JEDDAH — Hima, the rock art site in Najran, was added to the World Heritage List by UNESCO, becoming the sixth Saudi site to be added to this list.
The site, located in southwestern Saudi Arabia, is home to one of the largest rock art complexes in the world.
Hima was a channel for caravans on the trade and Hajj routes going to and from the southern parts of Arabia to Mesopotamia, the Levant, and Egypt. Pre-historic people have left behind a collection of rock art depicting hunting, plants, wildlife, symbols, tools used during the time, and thousands of inscriptions written in several ancient scripts, including Musnad Thamudic, Nabataean, and early Arabic.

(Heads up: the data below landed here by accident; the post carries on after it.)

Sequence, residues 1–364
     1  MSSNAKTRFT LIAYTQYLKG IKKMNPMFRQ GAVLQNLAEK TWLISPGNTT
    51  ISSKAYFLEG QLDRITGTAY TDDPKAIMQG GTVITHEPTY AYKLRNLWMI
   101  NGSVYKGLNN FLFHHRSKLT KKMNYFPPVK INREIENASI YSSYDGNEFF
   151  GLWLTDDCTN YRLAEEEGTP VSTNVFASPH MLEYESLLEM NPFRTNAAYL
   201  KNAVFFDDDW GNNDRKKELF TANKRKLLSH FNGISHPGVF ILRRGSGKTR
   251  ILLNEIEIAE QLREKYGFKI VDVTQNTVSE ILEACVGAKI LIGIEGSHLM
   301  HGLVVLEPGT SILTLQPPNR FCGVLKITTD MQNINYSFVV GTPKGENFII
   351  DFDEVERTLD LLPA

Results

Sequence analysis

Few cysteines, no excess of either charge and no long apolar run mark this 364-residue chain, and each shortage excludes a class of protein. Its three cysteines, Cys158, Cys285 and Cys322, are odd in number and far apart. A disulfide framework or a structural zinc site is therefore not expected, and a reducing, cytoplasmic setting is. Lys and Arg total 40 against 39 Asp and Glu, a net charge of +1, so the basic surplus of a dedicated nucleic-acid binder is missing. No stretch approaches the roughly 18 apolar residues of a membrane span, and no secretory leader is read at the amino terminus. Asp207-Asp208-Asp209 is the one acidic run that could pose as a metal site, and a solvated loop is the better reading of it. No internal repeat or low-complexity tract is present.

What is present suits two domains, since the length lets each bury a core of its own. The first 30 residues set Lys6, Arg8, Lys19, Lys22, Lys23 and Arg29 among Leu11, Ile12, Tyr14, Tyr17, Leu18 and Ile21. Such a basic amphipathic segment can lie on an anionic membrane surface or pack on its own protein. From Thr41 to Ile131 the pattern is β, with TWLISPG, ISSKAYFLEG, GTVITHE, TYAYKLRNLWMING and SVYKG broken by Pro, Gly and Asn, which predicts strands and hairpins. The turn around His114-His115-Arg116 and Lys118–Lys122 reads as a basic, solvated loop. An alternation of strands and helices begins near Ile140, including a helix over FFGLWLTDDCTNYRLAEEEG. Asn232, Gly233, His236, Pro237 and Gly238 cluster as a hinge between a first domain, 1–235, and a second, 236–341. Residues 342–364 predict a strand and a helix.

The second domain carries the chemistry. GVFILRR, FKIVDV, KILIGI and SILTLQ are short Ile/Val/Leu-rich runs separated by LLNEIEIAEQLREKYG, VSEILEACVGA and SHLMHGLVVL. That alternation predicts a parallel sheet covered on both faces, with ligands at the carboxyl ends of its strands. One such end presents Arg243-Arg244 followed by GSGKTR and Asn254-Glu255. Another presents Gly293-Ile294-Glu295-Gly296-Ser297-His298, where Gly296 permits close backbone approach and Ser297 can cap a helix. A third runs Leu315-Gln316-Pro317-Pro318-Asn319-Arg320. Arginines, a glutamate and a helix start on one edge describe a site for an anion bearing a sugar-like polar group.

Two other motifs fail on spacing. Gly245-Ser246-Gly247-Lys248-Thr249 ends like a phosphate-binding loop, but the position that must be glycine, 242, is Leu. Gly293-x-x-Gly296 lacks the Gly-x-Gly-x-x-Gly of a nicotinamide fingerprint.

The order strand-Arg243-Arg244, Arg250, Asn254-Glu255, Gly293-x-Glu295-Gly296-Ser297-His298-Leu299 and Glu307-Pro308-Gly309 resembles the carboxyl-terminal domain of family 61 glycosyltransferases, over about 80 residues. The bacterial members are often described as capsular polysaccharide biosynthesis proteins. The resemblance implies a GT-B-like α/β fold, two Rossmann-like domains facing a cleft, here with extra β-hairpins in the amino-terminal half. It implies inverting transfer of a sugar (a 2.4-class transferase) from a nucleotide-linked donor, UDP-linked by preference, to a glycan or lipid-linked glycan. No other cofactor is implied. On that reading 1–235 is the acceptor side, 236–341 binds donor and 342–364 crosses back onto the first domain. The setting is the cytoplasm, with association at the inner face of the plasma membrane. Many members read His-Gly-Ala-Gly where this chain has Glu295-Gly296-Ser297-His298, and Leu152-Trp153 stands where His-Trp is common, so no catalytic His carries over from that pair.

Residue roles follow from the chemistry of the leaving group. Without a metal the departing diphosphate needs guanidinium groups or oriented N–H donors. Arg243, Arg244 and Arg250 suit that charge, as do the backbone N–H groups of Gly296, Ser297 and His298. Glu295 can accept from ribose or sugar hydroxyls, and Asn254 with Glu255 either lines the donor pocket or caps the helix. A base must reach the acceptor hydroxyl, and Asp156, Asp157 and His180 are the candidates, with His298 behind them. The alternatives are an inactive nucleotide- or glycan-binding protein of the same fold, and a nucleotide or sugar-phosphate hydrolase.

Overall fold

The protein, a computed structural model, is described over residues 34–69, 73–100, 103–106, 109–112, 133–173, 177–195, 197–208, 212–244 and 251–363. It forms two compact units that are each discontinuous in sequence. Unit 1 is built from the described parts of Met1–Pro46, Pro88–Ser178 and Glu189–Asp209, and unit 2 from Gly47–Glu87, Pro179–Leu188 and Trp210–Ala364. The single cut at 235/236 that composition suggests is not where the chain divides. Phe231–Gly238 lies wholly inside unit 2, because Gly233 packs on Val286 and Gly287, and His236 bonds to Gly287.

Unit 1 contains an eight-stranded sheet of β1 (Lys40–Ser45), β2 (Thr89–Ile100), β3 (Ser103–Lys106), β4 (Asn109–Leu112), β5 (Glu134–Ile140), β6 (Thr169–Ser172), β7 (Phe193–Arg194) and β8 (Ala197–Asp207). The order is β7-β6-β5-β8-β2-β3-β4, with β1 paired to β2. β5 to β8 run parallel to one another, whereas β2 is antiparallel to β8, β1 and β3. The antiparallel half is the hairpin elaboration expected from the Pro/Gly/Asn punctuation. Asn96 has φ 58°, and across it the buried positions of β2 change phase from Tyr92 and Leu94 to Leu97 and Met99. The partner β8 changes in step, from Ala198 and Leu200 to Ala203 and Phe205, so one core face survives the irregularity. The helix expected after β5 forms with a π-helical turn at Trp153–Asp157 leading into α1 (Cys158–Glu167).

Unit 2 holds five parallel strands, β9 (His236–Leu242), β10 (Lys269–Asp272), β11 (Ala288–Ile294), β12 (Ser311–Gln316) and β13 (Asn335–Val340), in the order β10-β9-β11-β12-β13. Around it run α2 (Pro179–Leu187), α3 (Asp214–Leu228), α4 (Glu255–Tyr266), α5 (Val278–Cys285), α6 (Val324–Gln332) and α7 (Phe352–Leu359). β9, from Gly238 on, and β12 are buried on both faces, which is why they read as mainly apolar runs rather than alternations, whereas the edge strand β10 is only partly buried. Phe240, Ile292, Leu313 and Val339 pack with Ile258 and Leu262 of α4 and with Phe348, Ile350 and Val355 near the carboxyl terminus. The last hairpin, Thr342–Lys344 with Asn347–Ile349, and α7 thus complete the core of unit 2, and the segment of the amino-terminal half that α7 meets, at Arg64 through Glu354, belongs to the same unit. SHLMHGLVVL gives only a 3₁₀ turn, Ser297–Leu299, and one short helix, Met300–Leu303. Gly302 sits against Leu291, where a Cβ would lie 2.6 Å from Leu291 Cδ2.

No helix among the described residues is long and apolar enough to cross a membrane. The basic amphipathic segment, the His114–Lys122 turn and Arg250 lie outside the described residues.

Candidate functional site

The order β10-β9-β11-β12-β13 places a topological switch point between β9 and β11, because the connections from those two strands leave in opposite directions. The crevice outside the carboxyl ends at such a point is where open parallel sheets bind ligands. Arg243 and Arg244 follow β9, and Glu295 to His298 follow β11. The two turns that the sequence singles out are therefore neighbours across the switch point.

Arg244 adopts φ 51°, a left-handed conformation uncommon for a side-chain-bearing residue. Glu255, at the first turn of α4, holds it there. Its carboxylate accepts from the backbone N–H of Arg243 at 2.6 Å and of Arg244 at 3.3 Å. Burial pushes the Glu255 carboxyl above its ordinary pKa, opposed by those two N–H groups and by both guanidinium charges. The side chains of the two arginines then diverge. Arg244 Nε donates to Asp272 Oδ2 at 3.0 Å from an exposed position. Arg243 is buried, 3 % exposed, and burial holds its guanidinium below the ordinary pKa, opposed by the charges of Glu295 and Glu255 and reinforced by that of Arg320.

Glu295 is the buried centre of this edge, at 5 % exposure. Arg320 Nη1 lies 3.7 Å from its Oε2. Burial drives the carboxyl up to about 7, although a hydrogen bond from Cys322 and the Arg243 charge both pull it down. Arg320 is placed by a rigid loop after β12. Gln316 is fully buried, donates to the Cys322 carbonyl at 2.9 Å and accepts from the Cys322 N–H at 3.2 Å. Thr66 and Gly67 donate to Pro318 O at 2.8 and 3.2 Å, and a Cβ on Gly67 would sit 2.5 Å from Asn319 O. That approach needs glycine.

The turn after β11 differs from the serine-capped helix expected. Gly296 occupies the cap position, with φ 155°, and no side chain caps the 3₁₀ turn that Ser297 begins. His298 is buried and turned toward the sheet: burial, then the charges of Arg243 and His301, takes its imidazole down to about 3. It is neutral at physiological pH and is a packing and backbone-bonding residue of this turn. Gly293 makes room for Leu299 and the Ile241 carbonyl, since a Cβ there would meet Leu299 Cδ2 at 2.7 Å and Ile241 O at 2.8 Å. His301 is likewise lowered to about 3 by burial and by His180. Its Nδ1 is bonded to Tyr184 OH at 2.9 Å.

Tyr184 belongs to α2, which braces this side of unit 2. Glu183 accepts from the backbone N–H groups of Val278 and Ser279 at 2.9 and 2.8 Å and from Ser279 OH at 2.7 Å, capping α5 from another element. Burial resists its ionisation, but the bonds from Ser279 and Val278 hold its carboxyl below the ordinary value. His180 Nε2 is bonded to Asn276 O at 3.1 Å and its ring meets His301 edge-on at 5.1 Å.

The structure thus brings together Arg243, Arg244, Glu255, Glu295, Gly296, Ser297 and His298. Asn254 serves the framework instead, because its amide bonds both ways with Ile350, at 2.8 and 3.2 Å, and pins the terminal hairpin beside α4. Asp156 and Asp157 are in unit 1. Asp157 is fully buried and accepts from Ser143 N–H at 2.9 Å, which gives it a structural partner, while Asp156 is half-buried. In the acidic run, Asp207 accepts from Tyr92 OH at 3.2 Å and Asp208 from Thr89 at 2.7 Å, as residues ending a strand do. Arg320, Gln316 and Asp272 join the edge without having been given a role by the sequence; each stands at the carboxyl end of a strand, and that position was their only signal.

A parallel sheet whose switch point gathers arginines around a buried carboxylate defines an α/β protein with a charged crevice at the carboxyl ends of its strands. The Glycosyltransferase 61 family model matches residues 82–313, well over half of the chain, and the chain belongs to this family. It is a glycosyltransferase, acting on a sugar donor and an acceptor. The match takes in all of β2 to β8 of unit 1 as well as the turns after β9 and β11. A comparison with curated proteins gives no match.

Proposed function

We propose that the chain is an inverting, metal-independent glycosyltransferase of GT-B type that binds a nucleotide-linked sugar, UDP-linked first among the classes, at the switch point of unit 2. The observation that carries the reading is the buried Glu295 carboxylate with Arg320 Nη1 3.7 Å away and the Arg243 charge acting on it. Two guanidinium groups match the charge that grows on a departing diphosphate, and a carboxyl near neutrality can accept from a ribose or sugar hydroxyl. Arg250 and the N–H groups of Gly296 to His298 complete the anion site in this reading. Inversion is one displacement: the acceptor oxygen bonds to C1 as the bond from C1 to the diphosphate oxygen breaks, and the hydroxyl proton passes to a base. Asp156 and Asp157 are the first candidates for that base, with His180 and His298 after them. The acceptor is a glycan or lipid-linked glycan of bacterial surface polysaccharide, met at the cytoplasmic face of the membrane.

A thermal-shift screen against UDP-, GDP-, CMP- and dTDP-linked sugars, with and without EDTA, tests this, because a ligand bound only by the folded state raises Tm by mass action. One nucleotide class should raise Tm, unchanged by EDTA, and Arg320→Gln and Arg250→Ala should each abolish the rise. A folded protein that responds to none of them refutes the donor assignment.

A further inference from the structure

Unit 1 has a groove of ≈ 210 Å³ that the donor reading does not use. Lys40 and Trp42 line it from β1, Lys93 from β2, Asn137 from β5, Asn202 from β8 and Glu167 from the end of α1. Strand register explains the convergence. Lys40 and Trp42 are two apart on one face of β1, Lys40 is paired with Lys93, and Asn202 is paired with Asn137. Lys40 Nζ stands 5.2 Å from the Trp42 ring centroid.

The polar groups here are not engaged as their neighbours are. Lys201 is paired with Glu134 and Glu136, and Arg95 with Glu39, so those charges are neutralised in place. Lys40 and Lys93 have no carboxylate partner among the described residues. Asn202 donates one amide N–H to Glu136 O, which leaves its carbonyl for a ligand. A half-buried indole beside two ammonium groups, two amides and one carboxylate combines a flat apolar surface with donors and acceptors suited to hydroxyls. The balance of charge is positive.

There are wells dating back to over 3,000 years and are still considered a vital source of fresh water in the vast desert of Najran.
“We are thrilled to have this exceptional ancient site recognized by UNESCO as a World Heritage Site. The area has outstanding universal value, providing us with many lessons about the evolution of human culture and life in ancient times,” said Dr. Jasir Alherbish, CEO of the Heritage Commission.
“We are working to preserve the area and conduct research to understand the rock inscriptions and are looking forward to welcoming more local and international visitors to come and see this historic cultural site for themselves.”